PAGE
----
In “A Line In the Dirt” we are invited to witness the couple’s final argument, which ends with our hero driving away, unsure if he’ll ever return. Subsequently, in “Paradise Blues” he equates himself with a suicide bomber yearning for a quick out (for himself and his ex) — an easy way to claim some distant reward.
Then, in “Unhinged,” we are made to wonder if he is the one hitting bottom — or his ex? This isn’t made clear but like any good story the plot isn’t all cut and dry; the listener needs to occasionally decide things for himself. Finally breaking down, E confesses in “Mother” that he needs a mother. He yearns to be cared for.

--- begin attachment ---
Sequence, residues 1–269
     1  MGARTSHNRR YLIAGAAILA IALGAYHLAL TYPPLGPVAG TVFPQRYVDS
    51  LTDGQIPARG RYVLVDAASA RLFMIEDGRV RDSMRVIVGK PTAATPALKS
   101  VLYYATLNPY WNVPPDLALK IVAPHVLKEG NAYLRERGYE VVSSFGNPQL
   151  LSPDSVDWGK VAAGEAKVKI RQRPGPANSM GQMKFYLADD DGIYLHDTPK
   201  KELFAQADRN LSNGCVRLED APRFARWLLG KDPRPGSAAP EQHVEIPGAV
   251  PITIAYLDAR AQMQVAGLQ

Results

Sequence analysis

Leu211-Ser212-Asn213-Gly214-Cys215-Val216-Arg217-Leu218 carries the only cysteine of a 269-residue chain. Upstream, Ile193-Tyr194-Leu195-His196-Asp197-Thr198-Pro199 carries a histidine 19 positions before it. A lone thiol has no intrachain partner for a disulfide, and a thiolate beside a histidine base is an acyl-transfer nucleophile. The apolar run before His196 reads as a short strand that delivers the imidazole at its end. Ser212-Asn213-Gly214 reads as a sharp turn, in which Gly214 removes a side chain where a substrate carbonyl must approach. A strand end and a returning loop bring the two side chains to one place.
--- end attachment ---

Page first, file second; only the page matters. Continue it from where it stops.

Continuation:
As the final two tracks play through, we are given some hope for our troubled friend’s emotional survival. In “Little Bird,” he confides to a feathered friend on his porch about how much he still “misses that girl.” Yet in “On My Feet,” he tells us assuredly that “I’m sure I’ve been through worse” and that “One sweet day I’ll be back on my feet.” The music is heartfelt and simple, and we find ourselves rooting for him, holding our breath until the song fades, only then daring to rejoice.
In less capable hands, an album dealing with heartache and healing might turn into a maudlin mess. But E’s songs are short, beautiful and spare and he relates his story with simple, heartfelt eloquence. The rasp in his voice is a product of life experience and his story rings true.
End Times is a heartbreaking journey but well worth the ride. It will be released January 19th on Vagrant Records.